The museum galleries (Central Gallery, Europe Room and Asia Room) on the top floor have been completely renovated, redesigned and were ceremonially inaugurated by the Japanese Ambassador in India Mr. Hiroshi Hirayashi on January 23, 1999. The traditional ambience of the rooms has been restored while the original character of the ceiling, doors and windows have been retained.

Old photographs and documentary material have been scanned, cleaned, laminated and framed in traditional style. Modern scientific illumination makes the display lively and attractive. The galleries contain a treasure of a large number of photographs, documents and relics relating to Netaji’s life and work arranged in a systematic chronological order.

The Central Gallery consists of rare pictures and letters. Attractive relics in this area include a marble Buddha and a carved chair brought by Netaji from Burma in 1927. His original uniform as GOC, Congress Volunteers, in a tall showcase is a rare and precious exhibit. Photographs include a rare one taken inside Mandalay Jail, as General Officer Commanding of Congress volunteers in 1928 and as Mayor of Calcutta. There are also photographic displays of his activities during his sojourn in Europe from 1933 to 1936. The heavy overcoat and the black achhkan he wore in Europe and his usual attire in India, Khaddar dhoti, Punjabi and Gandhi cap and finally the Congress President’s tie are also on display.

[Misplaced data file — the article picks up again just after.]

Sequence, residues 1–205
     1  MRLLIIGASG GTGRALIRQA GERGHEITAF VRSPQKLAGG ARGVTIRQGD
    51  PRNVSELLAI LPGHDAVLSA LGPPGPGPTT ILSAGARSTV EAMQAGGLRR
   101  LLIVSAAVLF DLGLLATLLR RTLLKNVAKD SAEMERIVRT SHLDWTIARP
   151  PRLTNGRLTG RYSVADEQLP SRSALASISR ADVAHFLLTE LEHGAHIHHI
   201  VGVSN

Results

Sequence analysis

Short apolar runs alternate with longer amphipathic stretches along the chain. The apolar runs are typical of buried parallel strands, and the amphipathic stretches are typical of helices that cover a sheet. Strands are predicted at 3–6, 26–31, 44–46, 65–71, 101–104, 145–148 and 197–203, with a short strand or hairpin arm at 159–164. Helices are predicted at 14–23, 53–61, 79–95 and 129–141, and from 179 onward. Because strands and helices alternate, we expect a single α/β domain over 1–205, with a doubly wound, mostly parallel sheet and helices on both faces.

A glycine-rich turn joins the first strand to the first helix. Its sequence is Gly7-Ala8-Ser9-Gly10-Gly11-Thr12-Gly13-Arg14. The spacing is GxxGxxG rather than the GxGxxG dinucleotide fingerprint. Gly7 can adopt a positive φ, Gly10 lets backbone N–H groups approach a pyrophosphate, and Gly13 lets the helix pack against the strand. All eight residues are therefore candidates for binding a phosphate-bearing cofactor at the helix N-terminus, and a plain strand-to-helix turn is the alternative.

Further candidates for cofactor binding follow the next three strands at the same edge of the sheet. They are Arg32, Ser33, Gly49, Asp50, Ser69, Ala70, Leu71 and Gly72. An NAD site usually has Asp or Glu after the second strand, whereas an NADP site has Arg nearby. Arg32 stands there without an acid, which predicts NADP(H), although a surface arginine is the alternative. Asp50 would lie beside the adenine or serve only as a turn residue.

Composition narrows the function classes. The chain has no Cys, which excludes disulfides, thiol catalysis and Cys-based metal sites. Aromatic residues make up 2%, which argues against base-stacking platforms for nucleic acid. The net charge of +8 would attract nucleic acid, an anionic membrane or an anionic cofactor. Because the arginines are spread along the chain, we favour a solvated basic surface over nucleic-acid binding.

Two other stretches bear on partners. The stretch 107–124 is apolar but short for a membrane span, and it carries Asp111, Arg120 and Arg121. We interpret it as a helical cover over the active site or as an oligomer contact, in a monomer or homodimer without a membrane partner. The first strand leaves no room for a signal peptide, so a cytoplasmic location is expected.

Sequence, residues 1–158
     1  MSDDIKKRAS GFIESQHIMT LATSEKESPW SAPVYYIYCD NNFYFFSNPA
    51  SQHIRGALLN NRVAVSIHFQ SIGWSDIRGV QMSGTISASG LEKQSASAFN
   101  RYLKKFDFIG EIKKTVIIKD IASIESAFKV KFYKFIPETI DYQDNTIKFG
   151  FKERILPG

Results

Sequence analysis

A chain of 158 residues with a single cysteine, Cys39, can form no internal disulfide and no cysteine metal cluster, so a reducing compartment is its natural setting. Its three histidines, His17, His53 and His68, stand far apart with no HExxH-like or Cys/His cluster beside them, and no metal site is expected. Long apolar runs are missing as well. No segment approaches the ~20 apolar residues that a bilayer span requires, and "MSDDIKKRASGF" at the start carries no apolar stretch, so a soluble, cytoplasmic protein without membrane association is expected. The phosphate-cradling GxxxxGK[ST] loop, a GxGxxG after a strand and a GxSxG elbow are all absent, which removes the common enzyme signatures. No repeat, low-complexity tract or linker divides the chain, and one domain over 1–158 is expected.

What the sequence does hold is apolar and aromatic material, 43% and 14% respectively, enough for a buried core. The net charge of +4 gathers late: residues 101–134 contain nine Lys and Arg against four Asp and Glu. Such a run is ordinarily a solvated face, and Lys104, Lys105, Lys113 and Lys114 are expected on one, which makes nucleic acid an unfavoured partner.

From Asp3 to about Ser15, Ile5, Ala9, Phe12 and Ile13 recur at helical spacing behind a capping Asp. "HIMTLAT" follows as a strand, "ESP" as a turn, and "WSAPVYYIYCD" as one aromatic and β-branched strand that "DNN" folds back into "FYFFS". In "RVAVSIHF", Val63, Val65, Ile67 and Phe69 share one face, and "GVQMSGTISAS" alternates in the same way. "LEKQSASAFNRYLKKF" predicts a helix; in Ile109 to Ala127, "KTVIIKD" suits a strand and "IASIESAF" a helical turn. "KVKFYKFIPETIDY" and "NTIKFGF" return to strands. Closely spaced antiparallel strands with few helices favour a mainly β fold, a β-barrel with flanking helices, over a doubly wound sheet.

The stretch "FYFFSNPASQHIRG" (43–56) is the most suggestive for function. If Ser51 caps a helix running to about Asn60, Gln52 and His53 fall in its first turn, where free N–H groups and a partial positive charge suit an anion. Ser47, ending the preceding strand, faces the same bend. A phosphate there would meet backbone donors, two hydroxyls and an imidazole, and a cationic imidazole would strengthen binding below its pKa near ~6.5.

Among the other important items displayed at the northern end of the Central Gallery is a full size oil painting of Netaji, his last photograph taken in his bedroom in December 1940, facsimile of his political testament, precious relics like the silk dhoti and chaddar he wore and the marble plate and bowl in which he was served dinner on the night of his escape from this house. The video monitor at this point brings live narration of the escape by Sisir Kumar Bose and reenactment of the most sensational event of the final phases of our struggle for freedom.